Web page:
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Geomatica II - Module 2: Performing Atmospheric Correction Figure 2.3 Define Haze and Cloud dialog box

2. Select Automatically Calculate Haze and Cloud. 3. For Mask Size, select Large area haze mask. Use the Large area haze mask option to create a mask over all the areas that may contain haze. This option also includes areas where haze is suspected, but may not be obvious upon visual inspection. Use the Smaller area haze mask option to create a mask only over the areas where the haze is obvious. 4. For Haze Thickness, select Correct thin to medium haze. Select the Correct thin to medium haze option if you want to ignore the thick haze (cloud cover) when you perform the correction. Select the Correct thin to thick haze option if you want to include the thick haze (cloud cover) when you perform the correction. 5. For the Output option, select Save and Browse to ottawa_qb.pix. The Haze and Cloud Layers will be saved as bitmaps in ottawa_qb.pix. They will also be sent to the ATCOR MetaLayer in the Maps tree. 6. Click Create Mask. The haze and cloud masks are created and displayed in the viewer.

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Lesson 2.1 Atmospherically Correcting Flat Terrain

Now that you have set up the configuration dialog box and defined haze and cloud, you will perform the correction. The Run Atmospheric Correction dialog box lets you run the atmospheric correction process using the various options and settings you applied in the configuration dialog boxs.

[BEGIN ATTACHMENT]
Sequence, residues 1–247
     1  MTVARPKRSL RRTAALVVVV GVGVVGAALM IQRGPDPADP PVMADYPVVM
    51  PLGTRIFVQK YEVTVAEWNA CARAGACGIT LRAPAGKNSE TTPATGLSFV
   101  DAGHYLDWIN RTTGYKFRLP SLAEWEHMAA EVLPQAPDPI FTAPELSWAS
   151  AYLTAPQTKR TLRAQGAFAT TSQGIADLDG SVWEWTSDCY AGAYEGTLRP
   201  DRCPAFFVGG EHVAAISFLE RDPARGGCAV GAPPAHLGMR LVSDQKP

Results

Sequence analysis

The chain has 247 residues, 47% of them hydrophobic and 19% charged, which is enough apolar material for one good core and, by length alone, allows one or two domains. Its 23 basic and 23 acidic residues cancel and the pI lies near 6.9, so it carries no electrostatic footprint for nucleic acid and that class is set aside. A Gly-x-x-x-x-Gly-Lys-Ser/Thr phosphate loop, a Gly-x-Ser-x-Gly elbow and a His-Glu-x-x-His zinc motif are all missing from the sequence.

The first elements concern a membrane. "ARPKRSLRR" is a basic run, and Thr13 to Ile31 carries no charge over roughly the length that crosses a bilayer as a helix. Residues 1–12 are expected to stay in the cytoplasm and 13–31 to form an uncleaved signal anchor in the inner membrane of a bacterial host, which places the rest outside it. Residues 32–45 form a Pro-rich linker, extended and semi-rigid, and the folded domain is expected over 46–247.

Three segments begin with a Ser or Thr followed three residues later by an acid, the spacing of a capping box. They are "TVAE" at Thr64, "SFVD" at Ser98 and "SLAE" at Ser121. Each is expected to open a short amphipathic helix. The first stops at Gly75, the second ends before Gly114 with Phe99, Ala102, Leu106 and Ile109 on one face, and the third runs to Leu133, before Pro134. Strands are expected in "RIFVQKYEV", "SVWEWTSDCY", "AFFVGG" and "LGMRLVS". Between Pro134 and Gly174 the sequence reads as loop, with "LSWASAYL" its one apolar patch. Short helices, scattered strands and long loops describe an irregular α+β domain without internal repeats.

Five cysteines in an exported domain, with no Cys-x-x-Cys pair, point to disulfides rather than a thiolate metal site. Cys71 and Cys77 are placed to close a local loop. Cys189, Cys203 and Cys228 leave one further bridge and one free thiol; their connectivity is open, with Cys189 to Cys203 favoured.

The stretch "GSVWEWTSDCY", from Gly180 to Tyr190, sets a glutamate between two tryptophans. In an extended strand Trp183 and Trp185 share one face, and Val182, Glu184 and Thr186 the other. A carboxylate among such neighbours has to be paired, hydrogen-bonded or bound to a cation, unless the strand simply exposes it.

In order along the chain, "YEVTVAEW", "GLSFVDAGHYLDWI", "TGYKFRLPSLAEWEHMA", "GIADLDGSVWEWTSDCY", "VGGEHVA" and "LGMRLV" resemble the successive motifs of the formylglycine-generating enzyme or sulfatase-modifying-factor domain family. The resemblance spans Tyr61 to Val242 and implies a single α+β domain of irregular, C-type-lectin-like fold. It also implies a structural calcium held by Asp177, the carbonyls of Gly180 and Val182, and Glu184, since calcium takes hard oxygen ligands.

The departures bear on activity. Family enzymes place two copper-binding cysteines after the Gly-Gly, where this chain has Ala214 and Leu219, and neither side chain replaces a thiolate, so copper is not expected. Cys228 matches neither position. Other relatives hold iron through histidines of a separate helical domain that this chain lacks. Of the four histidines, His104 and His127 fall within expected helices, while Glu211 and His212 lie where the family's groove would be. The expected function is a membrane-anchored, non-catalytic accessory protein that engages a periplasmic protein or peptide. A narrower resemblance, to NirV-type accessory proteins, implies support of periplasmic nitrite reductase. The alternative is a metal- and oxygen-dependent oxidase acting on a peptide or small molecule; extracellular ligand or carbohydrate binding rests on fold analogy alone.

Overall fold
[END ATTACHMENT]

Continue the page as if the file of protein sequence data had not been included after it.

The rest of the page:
Performing the Atmospheric Correction When you perform the atmospheric correction, Focus adds a thematic raster metalayer to the Maps tree. The metalayer contains all the layers produced during the correction. To use the Spatially Varying Conditions option, you must have the Red, nearinfrared (NIR), and Short Wavelength Infrared (SWIR) bands, and you must have reference areas of known reflectance such as a section of dense vegetation or a body of water present outside the haze to use as a reference target. When you use the Spatially Varying Conditions option, Focus calculates the visibility for each pixel in the image using the value set in the Visibility box on the Atmospheric Correction Configuration dialog box as a starting point for the calculation. Use the Constant Conditions option when you are missing one of the bands, the image does not contain a reference target, or you are sure that the image represents an area with constant atmospheric conditions such as an area without rugged terrain, large bodies of water, or mountains. When you use the Constant Conditions option, Focus uses the value set in the Visibility box on the Atmospheric Correction Configuration dialog box as the visibility for each pixel in the image. To run Atmospheric Correction: 1. Right-click the ATCOR MetaLayer and select Run Atmospheric Correction. The Run Atmospheric Correction dialog box opens.